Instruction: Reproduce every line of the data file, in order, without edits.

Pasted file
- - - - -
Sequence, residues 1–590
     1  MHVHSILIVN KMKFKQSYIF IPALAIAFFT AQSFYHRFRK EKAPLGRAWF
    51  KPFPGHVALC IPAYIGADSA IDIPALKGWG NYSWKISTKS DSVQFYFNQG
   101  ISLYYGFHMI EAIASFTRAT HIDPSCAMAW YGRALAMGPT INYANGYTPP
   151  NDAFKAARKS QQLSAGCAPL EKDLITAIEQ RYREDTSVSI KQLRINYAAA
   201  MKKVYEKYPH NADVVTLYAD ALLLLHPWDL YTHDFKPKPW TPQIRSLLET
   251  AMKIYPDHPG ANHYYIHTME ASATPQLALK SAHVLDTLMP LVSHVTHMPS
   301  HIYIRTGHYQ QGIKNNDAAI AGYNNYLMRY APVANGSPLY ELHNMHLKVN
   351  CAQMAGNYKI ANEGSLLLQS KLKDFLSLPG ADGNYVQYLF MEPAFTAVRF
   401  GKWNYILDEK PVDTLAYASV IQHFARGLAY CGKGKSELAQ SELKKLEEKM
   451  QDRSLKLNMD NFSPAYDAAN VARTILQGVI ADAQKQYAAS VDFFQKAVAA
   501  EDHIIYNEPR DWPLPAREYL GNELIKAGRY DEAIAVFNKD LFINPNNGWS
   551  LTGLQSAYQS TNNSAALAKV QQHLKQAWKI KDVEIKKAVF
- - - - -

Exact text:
Sequence, residues 1–590
     1  MHVHSILIVN KMKFKQSYIF IPALAIAFFT AQSFYHRFRK EKAPLGRAWF
    51  KPFPGHVALC IPAYIGADSA IDIPALKGWG NYSWKISTKS DSVQFYFNQG
   101  ISLYYGFHMI EAIASFTRAT HIDPSCAMAW YGRALAMGPT INYANGYTPP
   151  NDAFKAARKS QQLSAGCAPL EKDLITAIEQ RYREDTSVSI KQLRINYAAA
   201  MKKVYEKYPH NADVVTLYAD ALLLLHPWDL YTHDFKPKPW TPQIRSLLET
   251  AMKIYPDHPG ANHYYIHTME ASATPQLALK SAHVLDTLMP LVSHVTHMPS
   301  HIYIRTGHYQ QGIKNNDAAI AGYNNYLMRY APVANGSPLY ELHNMHLKVN
   351  CAQMAGNYKI ANEGSLLLQS KLKDFLSLPG ADGNYVQYLF MEPAFTAVRF
   401  GKWNYILDEK PVDTLAYASV IQHFARGLAY CGKGKSELAQ SELKKLEEKM
   451  QDRSLKLNMD NFSPAYDAAN VARTILQGVI ADAQKQYAAS VDFFQKAVAA
   501  EDHIIYNEPR DWPLPAREYL GNELIKAGRY DEAIAVFNKD LFINPNNGWS
   551  LTGLQSAYQS TNNSAALAKV QQHLKQAWKI KDVEIKKAVF